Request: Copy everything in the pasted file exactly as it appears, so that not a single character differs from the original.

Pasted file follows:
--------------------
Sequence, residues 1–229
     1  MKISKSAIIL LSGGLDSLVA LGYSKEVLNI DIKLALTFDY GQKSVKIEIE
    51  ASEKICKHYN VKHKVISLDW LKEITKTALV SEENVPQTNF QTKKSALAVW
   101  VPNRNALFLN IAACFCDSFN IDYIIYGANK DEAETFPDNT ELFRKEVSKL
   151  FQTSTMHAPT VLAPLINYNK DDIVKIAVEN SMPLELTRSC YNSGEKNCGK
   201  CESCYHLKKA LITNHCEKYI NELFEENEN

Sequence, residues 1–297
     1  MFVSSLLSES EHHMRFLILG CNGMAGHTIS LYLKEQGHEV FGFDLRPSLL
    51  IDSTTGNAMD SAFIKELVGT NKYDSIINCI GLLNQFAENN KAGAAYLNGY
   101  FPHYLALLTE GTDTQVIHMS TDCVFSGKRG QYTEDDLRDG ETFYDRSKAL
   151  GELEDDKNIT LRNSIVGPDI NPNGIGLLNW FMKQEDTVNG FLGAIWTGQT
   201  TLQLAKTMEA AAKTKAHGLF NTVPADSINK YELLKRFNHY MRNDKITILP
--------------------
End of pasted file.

Sequence, residues 1–229
     1  MKISKSAIIL LSGGLDSLVA LGYSKEVLNI DIKLALTFDY GQKSVKIEIE
    51  ASEKICKHYN VKHKVISLDW LKEITKTALV SEENVPQTNF QTKKSALAVW
   101  VPNRNALFLN IAACFCDSFN IDYIIYGANK DEAETFPDNT ELFRKEVSKL
   151  FQTSTMHAPT VLAPLINYNK DDIVKIAVEN SMPLELTRSC YNSGEKNCGK
   201  CESCYHLKKA LITNHCEKYI NELFEENEN

Sequence, residues 1–297
     1  MFVSSLLSES EHHMRFLILG CNGMAGHTIS LYLKEQGHEV FGFDLRPSLL
    51  IDSTTGNAMD SAFIKELVGT NKYDSIINCI GLLNQFAENN KAGAAYLNGY
   101  FPHYLALLTE GTDTQVIHMS TDCVFSGKRG QYTEDDLRDG ETFYDRSKAL
   151  GELEDDKNIT LRNSIVGPDI NPNGIGLLNW FMKQEDTVNG FLGAIWTGQT
   201  TLQLAKTMEA AAKTKAHGLF NTVPADSINK YELLKRFNHY MRNDKITILP